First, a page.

Re-Define Realistic: True Power Series
This is the eighth article in our "True Power" series. If you
haven't been following the series, visit TheARTrepreneur.com to read the foundational material on beliefs before continuing.
"Realism" is Often Severely Unrealistic
Often times when you're out there, trying to express your own individual vision, you'll be told that you're not being "realistic", that you need to be more "realistic". "Being "realistic," however, is the biggest con ever perpetrated on the unsuspecting public. What it really means is expect the
worst. Being "realistic" teaches you to look outside yourself for goals and aspirations, defined by who knows who. It teaches you to ignore your impulses. It teaches you, in other words, to create problems. What's more, it makes you a coward, whispering, "Don't get your hopes up, or you'll be disappointed."
Let's take a look at what happens when people are "realistic". Meet Steve. Steve has "made it". He has a super-successful job as creative director for a popular television series. He has a big house, a new car, a pretty wife and two healthy children. But Steve has a dirty little secret. Steve wants to be a barber. He keeps the desire to himself because he's afraid his family and
friends will think he's a failure for even contemplating the idea of giving up his high paying job. Instead, Steve takes his misery out on his co-workers, he drinks too much, and he tries, through constant distraction, to drown out his true desire.
Then there's Sandra. Sandra is a high school dropout, working retail in a less-than-desirable neighborhood. Sandra loves music but, as her family will tell you, Sandra can't hold a tune: "A howling dog could do a better job." Sandra wants to be a singer more than anything, but she keeps the desire hidden, stuffing it down where it festers. Instead of pursuing her true love, she barks at customers who don't have correct change.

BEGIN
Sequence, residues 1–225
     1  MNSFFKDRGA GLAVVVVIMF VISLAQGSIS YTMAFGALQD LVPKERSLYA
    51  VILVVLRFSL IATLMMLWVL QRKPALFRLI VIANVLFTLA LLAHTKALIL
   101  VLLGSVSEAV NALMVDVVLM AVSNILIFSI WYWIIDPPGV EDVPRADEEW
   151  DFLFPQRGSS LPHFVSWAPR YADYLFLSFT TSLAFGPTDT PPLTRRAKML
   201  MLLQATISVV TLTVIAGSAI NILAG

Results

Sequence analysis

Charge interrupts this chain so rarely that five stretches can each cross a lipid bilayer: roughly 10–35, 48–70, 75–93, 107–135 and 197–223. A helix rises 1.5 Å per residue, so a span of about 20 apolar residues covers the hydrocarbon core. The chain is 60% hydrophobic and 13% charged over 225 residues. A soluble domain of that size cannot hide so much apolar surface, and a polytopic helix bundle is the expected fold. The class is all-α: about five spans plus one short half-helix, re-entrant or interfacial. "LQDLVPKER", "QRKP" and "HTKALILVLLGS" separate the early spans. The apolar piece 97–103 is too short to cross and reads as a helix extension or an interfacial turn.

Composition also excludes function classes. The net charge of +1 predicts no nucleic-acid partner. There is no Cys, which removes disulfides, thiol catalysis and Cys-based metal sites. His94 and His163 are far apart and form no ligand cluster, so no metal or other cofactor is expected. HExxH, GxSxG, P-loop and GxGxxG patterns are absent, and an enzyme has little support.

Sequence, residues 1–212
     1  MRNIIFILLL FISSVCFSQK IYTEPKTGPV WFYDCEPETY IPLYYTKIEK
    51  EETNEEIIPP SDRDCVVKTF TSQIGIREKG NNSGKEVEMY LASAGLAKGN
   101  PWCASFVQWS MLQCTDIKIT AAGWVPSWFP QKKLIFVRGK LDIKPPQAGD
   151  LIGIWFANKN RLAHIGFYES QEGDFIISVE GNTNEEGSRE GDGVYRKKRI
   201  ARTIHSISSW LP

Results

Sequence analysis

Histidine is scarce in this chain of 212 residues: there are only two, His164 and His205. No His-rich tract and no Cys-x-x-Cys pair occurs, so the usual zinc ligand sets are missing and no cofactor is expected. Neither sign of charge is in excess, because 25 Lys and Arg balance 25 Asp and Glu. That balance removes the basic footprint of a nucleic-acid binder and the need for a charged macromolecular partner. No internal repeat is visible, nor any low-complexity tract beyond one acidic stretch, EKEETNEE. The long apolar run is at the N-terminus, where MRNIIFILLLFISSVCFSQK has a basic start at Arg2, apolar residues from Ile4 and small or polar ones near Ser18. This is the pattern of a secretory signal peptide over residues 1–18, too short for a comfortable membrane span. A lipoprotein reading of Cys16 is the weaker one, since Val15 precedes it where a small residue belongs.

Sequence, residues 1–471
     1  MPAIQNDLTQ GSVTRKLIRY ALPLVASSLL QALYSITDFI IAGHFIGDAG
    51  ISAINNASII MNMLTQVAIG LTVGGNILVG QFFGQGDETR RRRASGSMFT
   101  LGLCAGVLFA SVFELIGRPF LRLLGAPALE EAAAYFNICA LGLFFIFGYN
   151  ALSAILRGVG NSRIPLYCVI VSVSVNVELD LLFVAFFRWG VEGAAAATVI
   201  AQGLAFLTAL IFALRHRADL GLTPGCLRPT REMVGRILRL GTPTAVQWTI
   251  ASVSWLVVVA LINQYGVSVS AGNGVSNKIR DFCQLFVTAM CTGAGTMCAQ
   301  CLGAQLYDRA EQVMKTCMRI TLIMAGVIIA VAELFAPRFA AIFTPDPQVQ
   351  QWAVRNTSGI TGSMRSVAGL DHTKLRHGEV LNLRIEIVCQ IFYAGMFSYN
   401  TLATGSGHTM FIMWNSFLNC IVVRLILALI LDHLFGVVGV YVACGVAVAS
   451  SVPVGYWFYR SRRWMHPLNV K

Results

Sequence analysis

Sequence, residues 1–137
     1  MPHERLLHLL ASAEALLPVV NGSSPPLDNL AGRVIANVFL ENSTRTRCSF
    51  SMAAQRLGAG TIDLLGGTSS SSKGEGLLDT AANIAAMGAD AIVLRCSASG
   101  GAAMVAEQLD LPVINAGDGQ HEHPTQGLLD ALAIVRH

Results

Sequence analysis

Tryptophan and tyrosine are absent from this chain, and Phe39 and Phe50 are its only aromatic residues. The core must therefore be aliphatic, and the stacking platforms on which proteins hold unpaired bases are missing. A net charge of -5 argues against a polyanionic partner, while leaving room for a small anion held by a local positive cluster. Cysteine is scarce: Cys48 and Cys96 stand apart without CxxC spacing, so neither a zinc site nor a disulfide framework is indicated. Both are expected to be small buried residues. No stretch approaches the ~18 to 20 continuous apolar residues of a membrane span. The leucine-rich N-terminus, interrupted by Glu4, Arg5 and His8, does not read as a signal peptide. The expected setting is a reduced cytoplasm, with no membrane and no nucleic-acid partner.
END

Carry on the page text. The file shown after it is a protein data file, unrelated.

Steve and Sandra believe their desires are unrealistic. Now, many people have given up white collar jobs to work with their hands, and more than a few pop stars can't sing. In truth, Steve and Sandra's desires are not at all unrealistic. In fact, the very impulses are supposed to lead them to fulfilling futures. By following those impulses, Steve and Sandra will feel enriched,
vital, and radiate enthusiasm even if it leads them to activities other than those of the original impulse. By hiding their desires, they spread their unhappiness around.
The real question is who is defining "realism" in these situations? There is no one-size-fits-all career or lifestyle. If you can call anything sacred, it would be individuality. No two anything are exactly alike, and this is meant to tell you something. Therefore, no-one but you can know what's right for you, and the best thing you can do for yourself is to pursue your desires even if it means you're the most unrealistic person in the world.
Becoming Unrealistic Exercise (1/2 hour)
In this exercise pretend there are no outside opinions from any source whatsoever - parents, siblings, spouse, friends, T.V., magazines, newspapers, radio, movies, books, internet, etc. It's amazing how many people create careers out of "showing someone they could do it". It's nice that you proved your sixth
grade classmate was wrong when he said you were too stupid to become a doctor, but maybe you never wanted to be a doctor. Thus, for this exercise, turn those voices off.
What do you want to do now? Let your mind gravitate to the ideal lifestyle, the rhythm and pursuits that would make life interesting and energetic. Most people will find that their true desires do not come packaged in glamorous wrappings. They will be quite ordinary pursuits. Just make sure here, whatever
you do, that you're not being "realistic".
Next: www.theartrepreneur.com/content.asp?id=110" target="_new">True Power Part 9: Choose Your Emotions, Choose Life
S.C. Giles is a contributing author of
the www.theartrepreneur.com">ARTrepreneur E-Zine
showcasing the full True Power Series that focuses on proven techniques to
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